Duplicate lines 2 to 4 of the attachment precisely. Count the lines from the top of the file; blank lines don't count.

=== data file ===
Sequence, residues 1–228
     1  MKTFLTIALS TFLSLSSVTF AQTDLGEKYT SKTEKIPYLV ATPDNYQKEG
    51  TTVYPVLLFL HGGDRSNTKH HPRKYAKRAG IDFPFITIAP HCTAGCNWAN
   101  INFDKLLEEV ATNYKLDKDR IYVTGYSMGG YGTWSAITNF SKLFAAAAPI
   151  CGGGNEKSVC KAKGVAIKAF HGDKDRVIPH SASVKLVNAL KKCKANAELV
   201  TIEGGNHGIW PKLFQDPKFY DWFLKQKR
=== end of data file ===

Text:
     1  MKTFLTIALS TFLSLSSVTF AQTDLGEKYT SKTEKIPYLV ATPDNYQKEG
    51  TTVYPVLLFL HGGDRSNTKH HPRKYAKRAG IDFPFITIAP HCTAGCNWAN
   101  INFDKLLEEV ATNYKLDKDR IYVTGYSMGG YGTWSAITNF SKLFAAAAPI